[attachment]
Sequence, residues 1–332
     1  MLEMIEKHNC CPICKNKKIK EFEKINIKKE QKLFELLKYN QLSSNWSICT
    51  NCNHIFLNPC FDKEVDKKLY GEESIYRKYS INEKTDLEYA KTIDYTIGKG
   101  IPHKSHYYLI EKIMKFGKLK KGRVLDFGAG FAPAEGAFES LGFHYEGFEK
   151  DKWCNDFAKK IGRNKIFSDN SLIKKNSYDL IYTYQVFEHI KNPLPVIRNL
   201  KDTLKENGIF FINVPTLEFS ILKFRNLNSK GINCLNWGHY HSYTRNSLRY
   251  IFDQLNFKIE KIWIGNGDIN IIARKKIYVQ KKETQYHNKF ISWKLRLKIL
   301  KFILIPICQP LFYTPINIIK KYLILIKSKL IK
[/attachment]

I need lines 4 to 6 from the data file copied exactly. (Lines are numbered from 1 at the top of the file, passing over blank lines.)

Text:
   101  IPHKSHYYLI EKIMKFGKLK KGRVLDFGAG FAPAEGAFES LGFHYEGFEK
   151  DKWCNDFAKK IGRNKIFSDN SLIKKNSYDL IYTYQVFEHI KNPLPVIRNL
   201  KDTLKENGIF FINVPTLEFS ILKFRNLNSK GINCLNWGHY HSYTRNSLRY